From top: Grainne Carruth, former secretary to Taoiseach Bertie Ahern, arriving at the Mahon Tribunal at Dublin Castle on March 20, 2008; Bertie Ahern announces his intention to resign on April 2, 2008; Dan Boyle
In March 2008 Gráinne Carruth, the constituency secretary of then Taoiseach Bertie Ahern, appeared before the Mahon Tribunal, to face a difficult cross examination.
Her isolation and lack of support from her employer shocked the watching public. Among other elected representatives this cruel indifference caused even greater concern.
The relationship between a member of the Oireachtas and their constituency secretary is a vital one. I was blessed to have had an excellent secretary. We still remain friends.
Despite a very good working relationship I learned far too late how much she sought to protect me, shielding me from much of the volume and intensity of the abuse that subsequently came through my office.
Ahern’s treatment of Carruth was a very public betrayal, seen as far worse than any other political sin he was perceived to be associated with. It was what ultimately led to his resignation from office. That resignation wasn’t immediate but it came about relatively quickly afterwards.
On entering government the Greens were aware that Ahern had stated he would be stepping down as Taoiseach during the course of the term of government.
The tone and tenor of what was likely to emerge from the Mahon Tribunal had begun to come out before the 2007 general election.
Some 42% of the electorate chose to disregard these concerns and seemed to happy for Bertie Ahern and Fianna Fáil to continue in government.
The Greens had decided that the party would not react to every subsequent revelation made at the Tribunal, waiting until the final findings had been made, expecting those in Fianna Fáil who had been compromised to act accordingly.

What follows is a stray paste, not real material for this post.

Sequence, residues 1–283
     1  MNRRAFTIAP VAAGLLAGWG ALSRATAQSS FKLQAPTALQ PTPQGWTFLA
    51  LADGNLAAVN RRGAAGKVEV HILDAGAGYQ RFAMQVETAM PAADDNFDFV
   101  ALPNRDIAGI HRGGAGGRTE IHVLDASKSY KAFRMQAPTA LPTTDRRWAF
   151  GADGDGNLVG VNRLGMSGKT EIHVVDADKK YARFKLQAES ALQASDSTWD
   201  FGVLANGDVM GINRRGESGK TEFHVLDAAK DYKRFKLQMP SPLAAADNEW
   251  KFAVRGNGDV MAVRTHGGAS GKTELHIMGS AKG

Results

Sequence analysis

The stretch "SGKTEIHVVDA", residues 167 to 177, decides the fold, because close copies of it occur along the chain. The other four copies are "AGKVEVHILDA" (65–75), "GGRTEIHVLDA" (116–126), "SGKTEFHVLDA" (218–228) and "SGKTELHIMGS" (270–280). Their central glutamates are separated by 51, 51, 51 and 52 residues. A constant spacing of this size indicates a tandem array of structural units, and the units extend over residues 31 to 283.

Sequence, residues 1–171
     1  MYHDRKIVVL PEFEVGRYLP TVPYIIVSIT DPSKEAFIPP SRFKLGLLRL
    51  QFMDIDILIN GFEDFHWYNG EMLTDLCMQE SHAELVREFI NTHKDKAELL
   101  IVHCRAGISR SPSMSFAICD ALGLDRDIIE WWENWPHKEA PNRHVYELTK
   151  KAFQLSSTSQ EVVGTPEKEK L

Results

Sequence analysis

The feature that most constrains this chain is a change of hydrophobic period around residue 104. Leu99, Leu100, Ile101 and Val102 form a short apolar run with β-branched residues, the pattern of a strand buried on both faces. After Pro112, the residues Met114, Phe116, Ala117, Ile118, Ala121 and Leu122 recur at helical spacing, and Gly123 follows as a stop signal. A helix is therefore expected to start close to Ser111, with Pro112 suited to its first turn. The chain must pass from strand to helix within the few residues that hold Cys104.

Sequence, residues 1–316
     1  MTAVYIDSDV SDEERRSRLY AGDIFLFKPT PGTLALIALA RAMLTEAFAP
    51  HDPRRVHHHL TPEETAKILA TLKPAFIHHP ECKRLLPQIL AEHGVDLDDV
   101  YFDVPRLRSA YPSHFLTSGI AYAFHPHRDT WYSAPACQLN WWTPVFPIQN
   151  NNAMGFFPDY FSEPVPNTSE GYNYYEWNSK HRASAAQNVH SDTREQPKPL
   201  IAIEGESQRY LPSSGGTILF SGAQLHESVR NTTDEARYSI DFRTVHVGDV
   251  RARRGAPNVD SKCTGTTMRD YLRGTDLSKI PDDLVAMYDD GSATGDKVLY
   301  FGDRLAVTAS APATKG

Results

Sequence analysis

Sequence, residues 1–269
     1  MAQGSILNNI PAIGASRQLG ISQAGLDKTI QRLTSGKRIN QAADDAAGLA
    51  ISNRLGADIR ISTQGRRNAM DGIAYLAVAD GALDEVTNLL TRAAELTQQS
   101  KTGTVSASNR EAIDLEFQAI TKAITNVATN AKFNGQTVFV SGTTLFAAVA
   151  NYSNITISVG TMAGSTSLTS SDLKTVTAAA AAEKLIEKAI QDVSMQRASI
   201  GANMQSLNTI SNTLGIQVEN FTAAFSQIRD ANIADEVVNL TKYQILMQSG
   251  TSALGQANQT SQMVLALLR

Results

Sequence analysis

We wanted to avoid the PD/Michael McDowell/Grand Old Duke of York routine of making every revelation a crisis. As a strategy it seemed be working fine until the Carruth evidence.
Before she gave that evidence I found myself being interviewed by Eamon Keane on his lunchtime Newstalk programme.
It seemed to cause surprise when I stated, what I thought was obvious, that the Taoiseach would resign in the early part of the life of the government, and that he would tells us when.
Directly after the Carruth evidence Fiona O’Malley of the PDs, found herself being interviewed by the same presenter. She let Ahern have it have it with both barrels.
It was thought she, like me a Senator, would be easily dismissed. By afternoon she was being backed up her party leader, Mary Harney. By evening John Gormley was falling in line saying that Ahern had questions to answer.
Even then it was thought some formula would be agreed for Bertie to stay put. A no confidence in government motion almost achieved its desired effect.
Fianna Fáil sought an amendment that criticised the Tribunal and its chief member. As the line Minister responsible, John Gormley refused. The Green insistence that no such criticism be made prevailed.
On the morning of April 2nd, 2008, the members of the Green parliamentary party received a group text. It told us that Bertie Ahern would be making a televised statement at 9.30am. Members of the cabinet were being informed but the rest of us remained unknowing of what was to be said.
When Bertie announced his resignation it didn’t come as much of a surprise. Being in government the Greens response to the resignation was somewhat dithering. Eamon Ryan wasn’t present on the plinth. John Gormley stood to the back of the ministerial scrum, although television angles showed him quite close to Bertie.
It was the first real crisis of being in government. Things couldn’t get any worse we thought.
Dan Boyle is a former Green Party TD and Senator. His column appears here every Thursday. Follow Dan on Twitter: @sendboyle